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Districts Scramble To Make Up for Lost Time

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While many of their parents had President's Day off, the 102,000 students in the Baltimore County, Md., schools trudged off to class--victims of an extraordinary number of days lost to snow.

But the students couldn't complain too much, having already enjoyed a three-day weekend thanks to a snowstorm that forced the district to close school the previous Friday. Feb. 16 was the 10th day the suburban district had lost this year.

Yet school officials, in their planning for the school year, had anticipated a need for only two extra days. As in hundreds of other school districts around the country, the unusually harsh winter has left Baltimore County scrambling to squeeze in extra school days, and hoping Mother Nature has no more surprises in store.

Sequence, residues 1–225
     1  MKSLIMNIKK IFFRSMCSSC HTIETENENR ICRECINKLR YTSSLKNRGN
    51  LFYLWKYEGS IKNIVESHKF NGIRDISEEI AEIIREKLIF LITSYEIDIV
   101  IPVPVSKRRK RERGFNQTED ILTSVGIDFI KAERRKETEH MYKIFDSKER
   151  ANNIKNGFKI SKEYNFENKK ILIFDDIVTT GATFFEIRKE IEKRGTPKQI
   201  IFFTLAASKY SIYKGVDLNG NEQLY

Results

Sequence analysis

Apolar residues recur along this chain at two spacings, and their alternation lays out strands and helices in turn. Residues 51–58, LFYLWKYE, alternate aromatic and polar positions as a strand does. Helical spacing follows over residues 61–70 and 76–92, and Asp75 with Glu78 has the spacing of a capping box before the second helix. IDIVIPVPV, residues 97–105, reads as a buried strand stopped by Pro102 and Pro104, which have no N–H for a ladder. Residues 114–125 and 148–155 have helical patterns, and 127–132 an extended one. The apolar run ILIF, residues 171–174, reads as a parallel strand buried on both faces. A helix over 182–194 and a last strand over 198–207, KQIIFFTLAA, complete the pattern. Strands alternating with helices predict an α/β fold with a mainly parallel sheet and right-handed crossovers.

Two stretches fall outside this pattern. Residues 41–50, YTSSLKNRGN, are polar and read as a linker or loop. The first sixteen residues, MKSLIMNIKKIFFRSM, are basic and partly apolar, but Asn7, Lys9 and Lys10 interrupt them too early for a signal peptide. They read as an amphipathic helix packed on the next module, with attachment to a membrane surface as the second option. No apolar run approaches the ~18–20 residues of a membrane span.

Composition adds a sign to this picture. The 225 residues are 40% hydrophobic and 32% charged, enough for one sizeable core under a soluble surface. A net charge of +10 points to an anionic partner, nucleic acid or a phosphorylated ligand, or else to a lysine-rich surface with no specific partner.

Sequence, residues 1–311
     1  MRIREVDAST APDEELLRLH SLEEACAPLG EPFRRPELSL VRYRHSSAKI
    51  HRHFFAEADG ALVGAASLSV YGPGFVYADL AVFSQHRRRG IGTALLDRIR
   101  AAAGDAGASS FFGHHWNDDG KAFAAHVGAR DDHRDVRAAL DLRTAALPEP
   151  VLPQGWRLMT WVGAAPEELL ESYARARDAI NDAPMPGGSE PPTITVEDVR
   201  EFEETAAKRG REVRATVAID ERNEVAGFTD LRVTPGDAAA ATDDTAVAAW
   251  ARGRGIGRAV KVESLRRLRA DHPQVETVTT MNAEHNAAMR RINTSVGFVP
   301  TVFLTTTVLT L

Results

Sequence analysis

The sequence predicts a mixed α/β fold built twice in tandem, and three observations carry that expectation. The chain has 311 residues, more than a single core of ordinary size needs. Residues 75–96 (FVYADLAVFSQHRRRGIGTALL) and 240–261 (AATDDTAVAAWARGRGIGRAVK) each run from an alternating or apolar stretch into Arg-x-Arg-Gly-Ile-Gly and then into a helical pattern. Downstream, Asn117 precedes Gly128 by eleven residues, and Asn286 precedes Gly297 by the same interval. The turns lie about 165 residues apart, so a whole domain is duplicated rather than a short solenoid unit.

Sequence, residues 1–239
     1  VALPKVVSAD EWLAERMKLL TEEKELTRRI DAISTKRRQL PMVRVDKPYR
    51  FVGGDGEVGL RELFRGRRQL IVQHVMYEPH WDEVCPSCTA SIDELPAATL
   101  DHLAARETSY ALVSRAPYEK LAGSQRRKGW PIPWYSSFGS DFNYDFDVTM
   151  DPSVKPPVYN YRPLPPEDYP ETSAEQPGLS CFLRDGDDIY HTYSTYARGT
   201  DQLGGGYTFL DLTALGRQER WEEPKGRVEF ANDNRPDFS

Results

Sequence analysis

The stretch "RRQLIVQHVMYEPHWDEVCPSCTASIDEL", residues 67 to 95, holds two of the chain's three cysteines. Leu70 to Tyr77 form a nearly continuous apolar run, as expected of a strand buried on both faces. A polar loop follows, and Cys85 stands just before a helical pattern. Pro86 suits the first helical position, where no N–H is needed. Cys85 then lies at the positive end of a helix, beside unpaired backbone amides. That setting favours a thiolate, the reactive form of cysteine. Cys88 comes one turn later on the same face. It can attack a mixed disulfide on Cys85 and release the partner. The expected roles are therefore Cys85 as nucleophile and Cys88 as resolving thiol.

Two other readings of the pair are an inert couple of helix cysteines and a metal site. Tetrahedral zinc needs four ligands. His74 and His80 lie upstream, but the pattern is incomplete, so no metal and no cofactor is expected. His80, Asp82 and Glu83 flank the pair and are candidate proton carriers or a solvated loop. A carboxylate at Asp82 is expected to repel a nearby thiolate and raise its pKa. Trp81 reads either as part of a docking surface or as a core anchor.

In the Northeast, last month brought the third-highest January precipitation levels in about a hundred years, according to the National Weather Service.

The heavy snow has wreaked havoc with academic calendars, as many districts have closed school so often that they cannot reach their state-mandated minimum number of school days without adding extra days.

Baltimore County officials have drafted a plan that cancels holidays, calls off teachers' professional days, and extends the school year. In the wake of last month's storms, the school board has asked its superintendent for a revised schedule that will add about five days next year.

Least Painful Options